Typically, the goal of the lower-seeded team in the first two games of any NBA playoff series is to split on the road to steal home court advantage back.
In these NBA Finals, the Miami Heat have successfully done that, so that gives them the “edge” heading into game three, right?
Most times, I would say yes, but in this situation I am not so sure.
With the way game two played out, you could make the case for both teams having the upper hand on the other heading into game three.
For the Heat, the edge is obvious: their formula of success hinges on their defense. It’s a chain reaction. Forcing a missed perimeter shot causes a long rebound, which allows the Heat to get out in transition with LeBron James and Dwyane Wade.
When that happens, there is not a team in the NBA that can beat the Miami Heat, and in a lot of ways this is why Miami is not as good a matchup for OKC as people think.
The Thunder are a jump shooting team, and a darn good one at that, but when you settle for perimeter jumpers all the time, run-outs are way more likely to occur than if you make a conscious effort to take the ball to the rim. Sure, Kevin Durant could get to the rim on a lot of guys, but his strength is his range and length to shoot over pretty much anybody.
However, OKC is going to play the way they’ve played all season long. Heck, if it’s worked, why change it? They need to proceed with caution though, as even their young athletic stars cannot stop the Heat in transition.
On the other hand, there are a lot of issues for the Miami Heat.
One thing OKC can do to slow down Miami’s transition game is simply not crash the boards as hard with their wings, allowing them to get back on defense much faster. You’d be relying on Ibaka and Collison/Perkins to do all the rebounding, but these guys are great rebounders and would certainly win the battle of the boards compared to Miami’s bigs.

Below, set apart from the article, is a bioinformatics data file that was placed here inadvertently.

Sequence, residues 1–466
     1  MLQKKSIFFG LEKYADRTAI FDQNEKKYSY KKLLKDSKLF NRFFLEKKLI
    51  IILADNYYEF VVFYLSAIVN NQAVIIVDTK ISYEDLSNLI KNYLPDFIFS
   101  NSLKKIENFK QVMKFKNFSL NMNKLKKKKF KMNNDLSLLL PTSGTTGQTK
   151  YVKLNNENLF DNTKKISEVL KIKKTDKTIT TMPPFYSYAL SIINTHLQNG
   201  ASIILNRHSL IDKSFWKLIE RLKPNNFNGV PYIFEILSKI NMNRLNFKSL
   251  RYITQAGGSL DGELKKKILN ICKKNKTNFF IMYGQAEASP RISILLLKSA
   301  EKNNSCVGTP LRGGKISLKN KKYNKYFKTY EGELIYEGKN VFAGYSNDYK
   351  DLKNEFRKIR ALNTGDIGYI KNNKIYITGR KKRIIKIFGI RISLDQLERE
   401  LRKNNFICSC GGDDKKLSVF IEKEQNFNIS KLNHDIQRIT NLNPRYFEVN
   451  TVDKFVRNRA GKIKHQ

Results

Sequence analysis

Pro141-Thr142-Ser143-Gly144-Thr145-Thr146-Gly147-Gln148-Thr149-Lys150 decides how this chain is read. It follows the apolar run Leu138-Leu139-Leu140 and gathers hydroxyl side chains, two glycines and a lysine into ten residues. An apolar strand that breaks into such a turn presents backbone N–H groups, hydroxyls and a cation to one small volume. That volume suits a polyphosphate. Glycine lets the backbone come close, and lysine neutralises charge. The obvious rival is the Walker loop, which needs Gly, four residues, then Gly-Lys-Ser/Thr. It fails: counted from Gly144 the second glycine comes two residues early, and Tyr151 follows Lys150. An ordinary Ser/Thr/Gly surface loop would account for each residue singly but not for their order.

Miami’s problems are much deeper than subtle OKC adjustments, though.
Even though they won game two, Miami still did not look like a composed basketball team. How many times did we see people bark at each other (especially at Mario Chalmers) in the final three minutes of the game?
LeBron hit a big bank shot and two big free throws towards the end, but the bank shot was the only shot he made all quarter as he still showed a lack of assertiveness.
Plus, Shane Battier hit five threes, and it took Durant missing a shot at nearly point blank range and a free throw to pull out a win.
Simply put, a lot of things went right for Miami in game two, and they can’t expect things to happen like that all the time.
So, to me, we sit here after two games just like we did before the series started: unsure of who is the better team and who has the “edge.”